Elderly abuse cases double

elderly woman at home

elderly woman at home

0
Have your say

REPORTED abuse of elderly and disabled people in Sheffield has more than doubled over the last two years, according to statistics released by officials.

Most cases involved alleged financial scams in victims’ own homes - and the most common perpetrators were family members, friends or care workers.

Alerts to social services about abuse of elderly people and those with disabilities, learning difficulties and mental health problems have increased from 741 in 2008/9 to 1,179 in 2009/10 and 1,586 in 2010/11.

Of those alerts, 343 cases were referred for investigation in 2009/10, increasing to 428 in 2010/11. No figure was given for 2008/9.

During the last year, 254 of the cases referred for investigation - 61 per cent - involve alleged abuse of elderly people, while 63 involved people with mental health problems, 62 people with learning difficulties and 49 involving disabled people.

A breakdown of abuse alerts reported to Sheffield Council in 2010/11 reveal 206 financial cases, 140 of neglect, 140 of physical abuse, 110 of psychological abuse, 28 of sexual abuse and 26 of institutional abuse.

Alerts for financial abuse had risen from 114 cases in 2009/10.

The report said: “In the light of the current financial difficulties we were expecting a rise in the number of financial abuse cases, which has materialised.

“We are expecting this to rise again in the next year as measures put in place to protect people’s finances are often abused.”

Michelle Marshall, manager at older people’s charity Age UK Sheffield, said: “The total of abuse could be much higher because a lot of people do not want to complain because they feel there is a stigma attached to being a victim but it is vital people come forward.

“I think there has been an increase in incidents of abuse but I think the rise is also due to more people reporting incidents.”

Jacqueline Milner, from Stannington, a member of Sheffield Pensioners’ Action Group, said she believes the increase in alerts is partly down to people having more confidence to complain.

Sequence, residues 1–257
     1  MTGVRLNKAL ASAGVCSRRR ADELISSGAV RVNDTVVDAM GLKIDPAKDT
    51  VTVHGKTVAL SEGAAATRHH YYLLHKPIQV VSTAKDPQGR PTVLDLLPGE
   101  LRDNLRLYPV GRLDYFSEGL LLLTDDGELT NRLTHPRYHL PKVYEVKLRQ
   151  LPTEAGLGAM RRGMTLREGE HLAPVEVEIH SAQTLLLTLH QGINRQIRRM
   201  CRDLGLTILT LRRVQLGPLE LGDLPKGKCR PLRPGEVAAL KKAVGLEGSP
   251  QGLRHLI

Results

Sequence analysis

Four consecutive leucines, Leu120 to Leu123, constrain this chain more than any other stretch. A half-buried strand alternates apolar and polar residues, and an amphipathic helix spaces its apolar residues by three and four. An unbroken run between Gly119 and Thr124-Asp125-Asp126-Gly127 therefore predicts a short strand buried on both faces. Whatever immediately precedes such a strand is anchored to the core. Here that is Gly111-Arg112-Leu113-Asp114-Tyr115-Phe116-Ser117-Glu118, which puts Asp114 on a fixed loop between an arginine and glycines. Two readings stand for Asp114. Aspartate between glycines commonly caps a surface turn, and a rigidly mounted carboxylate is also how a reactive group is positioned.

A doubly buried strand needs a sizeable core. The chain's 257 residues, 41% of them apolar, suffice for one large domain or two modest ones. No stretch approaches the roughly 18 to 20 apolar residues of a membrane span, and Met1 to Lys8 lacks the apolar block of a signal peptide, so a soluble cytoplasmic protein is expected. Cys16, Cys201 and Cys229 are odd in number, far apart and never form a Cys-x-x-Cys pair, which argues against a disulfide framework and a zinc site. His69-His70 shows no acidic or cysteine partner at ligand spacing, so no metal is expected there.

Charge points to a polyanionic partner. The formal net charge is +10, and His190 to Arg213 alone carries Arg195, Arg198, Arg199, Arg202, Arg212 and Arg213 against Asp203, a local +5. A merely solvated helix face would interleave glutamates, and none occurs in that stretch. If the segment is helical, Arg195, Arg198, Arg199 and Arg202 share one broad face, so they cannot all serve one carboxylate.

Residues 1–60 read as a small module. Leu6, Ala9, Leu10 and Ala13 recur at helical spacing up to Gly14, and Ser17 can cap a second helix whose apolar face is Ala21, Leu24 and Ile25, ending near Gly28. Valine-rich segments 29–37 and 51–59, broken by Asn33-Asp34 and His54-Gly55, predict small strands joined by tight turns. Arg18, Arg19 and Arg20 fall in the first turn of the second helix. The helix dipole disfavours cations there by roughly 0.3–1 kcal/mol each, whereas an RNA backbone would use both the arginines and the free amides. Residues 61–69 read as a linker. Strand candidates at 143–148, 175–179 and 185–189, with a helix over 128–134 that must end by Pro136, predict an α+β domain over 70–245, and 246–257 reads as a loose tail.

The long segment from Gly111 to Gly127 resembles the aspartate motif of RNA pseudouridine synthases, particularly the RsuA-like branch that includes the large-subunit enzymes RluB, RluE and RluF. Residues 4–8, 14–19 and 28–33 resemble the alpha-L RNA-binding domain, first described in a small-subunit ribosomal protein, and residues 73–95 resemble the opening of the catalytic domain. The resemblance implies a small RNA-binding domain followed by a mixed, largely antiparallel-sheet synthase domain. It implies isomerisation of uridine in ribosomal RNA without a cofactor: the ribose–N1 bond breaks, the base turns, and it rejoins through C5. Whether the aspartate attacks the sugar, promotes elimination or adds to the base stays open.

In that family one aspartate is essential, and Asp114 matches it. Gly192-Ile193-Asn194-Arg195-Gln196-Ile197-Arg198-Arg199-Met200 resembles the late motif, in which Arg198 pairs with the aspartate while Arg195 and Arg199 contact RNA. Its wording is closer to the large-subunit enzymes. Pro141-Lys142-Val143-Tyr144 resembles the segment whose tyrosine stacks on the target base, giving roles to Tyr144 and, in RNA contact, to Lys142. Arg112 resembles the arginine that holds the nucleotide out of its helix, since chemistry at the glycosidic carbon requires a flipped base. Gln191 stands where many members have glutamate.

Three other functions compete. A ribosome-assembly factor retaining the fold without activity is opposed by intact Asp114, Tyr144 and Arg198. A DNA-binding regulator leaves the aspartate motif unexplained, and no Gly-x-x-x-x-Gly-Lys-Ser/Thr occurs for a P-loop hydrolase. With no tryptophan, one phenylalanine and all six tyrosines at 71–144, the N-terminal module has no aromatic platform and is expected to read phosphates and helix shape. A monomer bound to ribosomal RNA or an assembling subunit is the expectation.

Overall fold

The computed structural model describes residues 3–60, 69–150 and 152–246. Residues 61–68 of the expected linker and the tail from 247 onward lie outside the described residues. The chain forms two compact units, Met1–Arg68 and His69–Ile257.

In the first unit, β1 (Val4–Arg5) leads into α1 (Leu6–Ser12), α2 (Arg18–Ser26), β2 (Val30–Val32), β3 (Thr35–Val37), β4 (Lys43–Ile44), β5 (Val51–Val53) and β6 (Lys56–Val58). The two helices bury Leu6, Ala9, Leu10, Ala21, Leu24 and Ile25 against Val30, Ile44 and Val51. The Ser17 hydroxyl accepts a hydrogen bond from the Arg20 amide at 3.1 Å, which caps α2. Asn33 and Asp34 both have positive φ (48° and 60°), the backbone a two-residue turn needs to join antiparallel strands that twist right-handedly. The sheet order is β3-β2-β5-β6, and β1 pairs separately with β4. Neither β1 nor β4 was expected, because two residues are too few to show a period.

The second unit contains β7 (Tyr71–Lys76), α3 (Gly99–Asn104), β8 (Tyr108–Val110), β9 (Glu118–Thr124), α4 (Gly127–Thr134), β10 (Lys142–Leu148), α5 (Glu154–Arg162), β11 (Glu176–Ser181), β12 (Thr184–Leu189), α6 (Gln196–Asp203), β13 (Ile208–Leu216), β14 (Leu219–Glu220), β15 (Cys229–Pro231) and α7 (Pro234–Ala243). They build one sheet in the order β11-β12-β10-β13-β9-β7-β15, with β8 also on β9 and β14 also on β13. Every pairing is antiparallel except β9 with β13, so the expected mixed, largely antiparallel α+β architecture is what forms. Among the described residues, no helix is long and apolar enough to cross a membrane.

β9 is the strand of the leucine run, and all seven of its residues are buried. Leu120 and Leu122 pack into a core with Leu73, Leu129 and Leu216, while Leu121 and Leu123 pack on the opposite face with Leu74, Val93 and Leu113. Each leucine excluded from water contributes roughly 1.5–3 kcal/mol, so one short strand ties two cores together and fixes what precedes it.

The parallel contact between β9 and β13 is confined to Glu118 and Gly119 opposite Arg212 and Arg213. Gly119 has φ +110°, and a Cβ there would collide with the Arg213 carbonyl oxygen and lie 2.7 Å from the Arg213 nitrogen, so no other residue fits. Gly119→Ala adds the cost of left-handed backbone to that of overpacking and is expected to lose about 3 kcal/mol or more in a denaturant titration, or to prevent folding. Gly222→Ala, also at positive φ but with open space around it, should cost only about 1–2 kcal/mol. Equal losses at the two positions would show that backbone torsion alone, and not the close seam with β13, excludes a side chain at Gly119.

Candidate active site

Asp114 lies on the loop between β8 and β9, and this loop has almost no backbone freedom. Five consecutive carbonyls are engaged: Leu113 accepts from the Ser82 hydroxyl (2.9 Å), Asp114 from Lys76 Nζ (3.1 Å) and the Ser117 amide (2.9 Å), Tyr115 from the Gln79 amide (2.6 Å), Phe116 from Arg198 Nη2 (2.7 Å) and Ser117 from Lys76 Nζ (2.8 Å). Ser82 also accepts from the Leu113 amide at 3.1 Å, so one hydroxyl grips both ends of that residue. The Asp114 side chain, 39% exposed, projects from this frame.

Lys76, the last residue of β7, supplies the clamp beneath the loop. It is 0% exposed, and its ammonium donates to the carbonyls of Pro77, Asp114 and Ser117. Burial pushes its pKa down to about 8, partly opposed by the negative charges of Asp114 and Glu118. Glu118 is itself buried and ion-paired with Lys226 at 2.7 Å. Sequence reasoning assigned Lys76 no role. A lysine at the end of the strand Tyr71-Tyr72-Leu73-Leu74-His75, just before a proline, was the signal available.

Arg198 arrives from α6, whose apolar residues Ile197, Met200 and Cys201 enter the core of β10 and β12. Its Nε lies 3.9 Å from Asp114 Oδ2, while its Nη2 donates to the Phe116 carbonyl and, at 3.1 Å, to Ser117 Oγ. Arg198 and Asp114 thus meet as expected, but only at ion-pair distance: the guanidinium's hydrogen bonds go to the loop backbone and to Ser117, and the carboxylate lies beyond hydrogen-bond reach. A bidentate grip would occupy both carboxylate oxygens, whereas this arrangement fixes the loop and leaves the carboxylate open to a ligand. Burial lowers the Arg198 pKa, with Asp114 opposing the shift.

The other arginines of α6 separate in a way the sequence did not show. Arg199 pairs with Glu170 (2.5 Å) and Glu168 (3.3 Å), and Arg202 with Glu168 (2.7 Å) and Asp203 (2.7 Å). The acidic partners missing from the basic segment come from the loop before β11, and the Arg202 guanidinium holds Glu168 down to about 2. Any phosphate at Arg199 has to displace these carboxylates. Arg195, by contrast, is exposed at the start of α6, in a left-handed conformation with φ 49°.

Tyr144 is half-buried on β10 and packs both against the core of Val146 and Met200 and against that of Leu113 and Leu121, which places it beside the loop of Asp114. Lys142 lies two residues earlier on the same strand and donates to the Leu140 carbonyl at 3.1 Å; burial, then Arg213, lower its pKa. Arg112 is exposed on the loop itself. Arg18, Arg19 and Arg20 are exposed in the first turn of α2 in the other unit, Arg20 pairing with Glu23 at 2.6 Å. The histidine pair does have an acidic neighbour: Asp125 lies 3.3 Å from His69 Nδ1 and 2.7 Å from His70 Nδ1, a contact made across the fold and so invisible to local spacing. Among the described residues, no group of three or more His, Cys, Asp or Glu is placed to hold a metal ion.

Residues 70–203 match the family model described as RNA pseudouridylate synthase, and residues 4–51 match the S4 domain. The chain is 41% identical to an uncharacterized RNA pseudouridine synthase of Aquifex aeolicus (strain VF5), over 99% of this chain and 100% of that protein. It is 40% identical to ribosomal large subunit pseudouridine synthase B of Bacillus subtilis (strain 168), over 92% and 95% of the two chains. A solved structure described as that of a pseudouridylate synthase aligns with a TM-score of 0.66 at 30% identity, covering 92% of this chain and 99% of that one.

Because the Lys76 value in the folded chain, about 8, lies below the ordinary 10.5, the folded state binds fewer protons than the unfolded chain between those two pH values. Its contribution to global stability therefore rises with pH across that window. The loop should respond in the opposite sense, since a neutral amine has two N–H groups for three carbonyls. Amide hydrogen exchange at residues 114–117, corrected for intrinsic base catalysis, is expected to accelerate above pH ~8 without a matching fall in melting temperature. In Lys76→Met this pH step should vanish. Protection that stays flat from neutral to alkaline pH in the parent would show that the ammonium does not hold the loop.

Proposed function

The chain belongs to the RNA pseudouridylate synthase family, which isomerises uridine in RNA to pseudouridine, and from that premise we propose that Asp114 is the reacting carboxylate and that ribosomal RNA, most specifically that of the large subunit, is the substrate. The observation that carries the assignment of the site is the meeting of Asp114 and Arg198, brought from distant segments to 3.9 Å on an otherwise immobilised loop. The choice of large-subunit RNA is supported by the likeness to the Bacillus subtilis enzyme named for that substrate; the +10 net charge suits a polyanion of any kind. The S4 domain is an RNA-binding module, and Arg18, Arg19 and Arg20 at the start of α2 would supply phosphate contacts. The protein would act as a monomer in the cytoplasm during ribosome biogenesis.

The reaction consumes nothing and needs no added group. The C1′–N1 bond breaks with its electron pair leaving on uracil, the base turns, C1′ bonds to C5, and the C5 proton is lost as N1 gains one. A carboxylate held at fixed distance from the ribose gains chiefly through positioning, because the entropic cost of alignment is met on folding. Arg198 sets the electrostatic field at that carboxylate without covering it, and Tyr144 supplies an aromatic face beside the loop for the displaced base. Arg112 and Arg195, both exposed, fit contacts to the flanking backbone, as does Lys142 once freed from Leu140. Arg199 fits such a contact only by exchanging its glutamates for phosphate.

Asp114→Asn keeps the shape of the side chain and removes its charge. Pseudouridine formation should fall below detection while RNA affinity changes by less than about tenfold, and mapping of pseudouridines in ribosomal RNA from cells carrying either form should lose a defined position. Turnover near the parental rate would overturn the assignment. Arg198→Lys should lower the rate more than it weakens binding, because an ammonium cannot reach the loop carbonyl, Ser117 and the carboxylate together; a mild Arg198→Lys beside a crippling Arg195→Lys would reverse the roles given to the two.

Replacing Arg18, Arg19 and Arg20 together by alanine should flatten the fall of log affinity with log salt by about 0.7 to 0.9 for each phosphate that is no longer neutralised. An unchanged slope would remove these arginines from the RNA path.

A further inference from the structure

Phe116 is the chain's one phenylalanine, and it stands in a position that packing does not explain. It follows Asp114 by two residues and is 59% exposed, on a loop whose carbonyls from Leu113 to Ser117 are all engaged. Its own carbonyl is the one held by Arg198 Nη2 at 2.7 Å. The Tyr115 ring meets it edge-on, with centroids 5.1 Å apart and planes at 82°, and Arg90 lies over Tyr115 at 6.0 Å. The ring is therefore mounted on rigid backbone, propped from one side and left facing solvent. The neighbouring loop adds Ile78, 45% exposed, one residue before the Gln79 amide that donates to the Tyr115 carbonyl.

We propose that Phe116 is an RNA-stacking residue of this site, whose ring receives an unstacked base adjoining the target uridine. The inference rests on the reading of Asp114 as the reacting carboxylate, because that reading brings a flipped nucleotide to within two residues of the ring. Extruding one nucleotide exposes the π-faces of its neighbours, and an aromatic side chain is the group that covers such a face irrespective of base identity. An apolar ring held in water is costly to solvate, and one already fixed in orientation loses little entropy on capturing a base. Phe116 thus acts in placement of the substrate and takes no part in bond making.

She said: “It’s wonderful that people are not frightened to report abuse but there must be many more people who are suffering but do not know how to complain.

“It must be awfully hard to report abuse by a family member.

“A lot of the problems with care workers is down to time. They have unrealistic workloads and many are paid minimum wage.”

Officials said the majority of allegations made in 2010/11 involved abuse in the complainant’s own home - 184, or 42 per cent, of the cases referred for investigation in 2010/11. A total of 114 cases, or 26 per cent, were reported at care homes.

Types of perpetrators were also listed - and the biggest group was social care staff, accounting for 87 cases, or 20 per cent of those investigated.

Family members came next, in 74 cases - 17 per cent. Forty-seven cases - 11 per cent - involved a friend.

But in 55 cases - 13 per cent - the abuse was said to be self inflicted.

Sheffield Council said it has held 85 case conferences in the past year to discuss how to deal with the alleged abuse - leading to ‘risk management’ monitoring of 21 cases.

The report reveals the council and other public bodies including the NHS and police are ‘rewriting procedures’ to make improvements to monitoring of vulnerable people and Sheffield Council said it has introduced a ‘more robust’ system for responding serious incidents.

But it warns that proposals to transfer supervisory duties from the NHS to the council next year do not have sufficient funding, with an ‘estimated shortfall’ of £35,000 per annum.